Qatar Focuses on Improved Environmental Management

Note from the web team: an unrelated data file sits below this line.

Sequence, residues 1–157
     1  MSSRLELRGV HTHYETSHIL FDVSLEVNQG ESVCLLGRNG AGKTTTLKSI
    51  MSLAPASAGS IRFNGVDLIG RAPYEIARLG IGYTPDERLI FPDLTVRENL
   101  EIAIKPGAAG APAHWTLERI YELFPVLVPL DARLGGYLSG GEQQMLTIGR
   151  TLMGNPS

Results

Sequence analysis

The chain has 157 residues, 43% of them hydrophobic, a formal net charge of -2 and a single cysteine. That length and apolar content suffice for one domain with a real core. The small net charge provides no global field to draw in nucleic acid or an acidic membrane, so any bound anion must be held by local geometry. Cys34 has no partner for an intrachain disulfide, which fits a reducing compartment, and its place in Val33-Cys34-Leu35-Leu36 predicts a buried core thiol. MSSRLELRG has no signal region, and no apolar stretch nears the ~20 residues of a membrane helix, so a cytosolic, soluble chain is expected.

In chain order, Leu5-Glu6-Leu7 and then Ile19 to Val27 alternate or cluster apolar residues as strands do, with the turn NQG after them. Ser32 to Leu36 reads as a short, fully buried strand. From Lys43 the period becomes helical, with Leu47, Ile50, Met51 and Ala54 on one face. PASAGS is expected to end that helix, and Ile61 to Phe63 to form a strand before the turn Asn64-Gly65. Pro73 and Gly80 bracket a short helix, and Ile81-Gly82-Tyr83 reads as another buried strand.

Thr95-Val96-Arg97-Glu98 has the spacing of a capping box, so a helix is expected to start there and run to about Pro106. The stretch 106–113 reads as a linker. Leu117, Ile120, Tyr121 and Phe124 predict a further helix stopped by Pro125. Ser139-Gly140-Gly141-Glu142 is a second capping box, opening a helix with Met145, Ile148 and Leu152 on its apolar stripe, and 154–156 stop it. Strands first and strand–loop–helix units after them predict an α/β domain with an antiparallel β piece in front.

While other countries in the Gulf region face a host of struggles, the United Arab Emirates and Qatar have emerged as the political, diplomatic, and economic leaders in the region. One way in which Qatar will set the pace of change in the Middle East is with its environmental policy. The 2022 World Cup no doubt is partly behind the government’s focus. Qatar’s environmental ministry will soon start on a new five-year plan for environmental management. The plan has four pillars: biodiversity, climate change, energy efficiency, and air quality. Much of the criticism over Qatar’s selection to host the World Cup is misguided; however, the arrival of hundreds of thousands of fans will put their own stress on this tiny country, so planning ahead will help mitigate the impact of all those future visitors. One organization that will take the lead is the Qatar Green Building Council, or QCBC. Conceived in 2008, has developed its own country’s green building accredited system based on standards including LEED and STAR. Green building is a relatively new challenge, and the QCBC and Qatar’s construction sector has got to meet the capacity: the tiny country has promised several new stadiums and will renovate the already ultra modern Khalifa International Stadium (pictured above left; click to expand). Another compelling stadium on the drawing board is the proposed Al-Shamal Stadium (pictured below), which will sport its own energy efficient features--and be disassembled after the event and shipped to developing countries. Should QCBC and construction firms establish a solid track record over the next few years, we will witness some amazing building technologies in 2022 that we currently we cannot even conceive. Ironically, one of the countries with a huge impact on climate volatility could be a laboratory for solving these long term problems.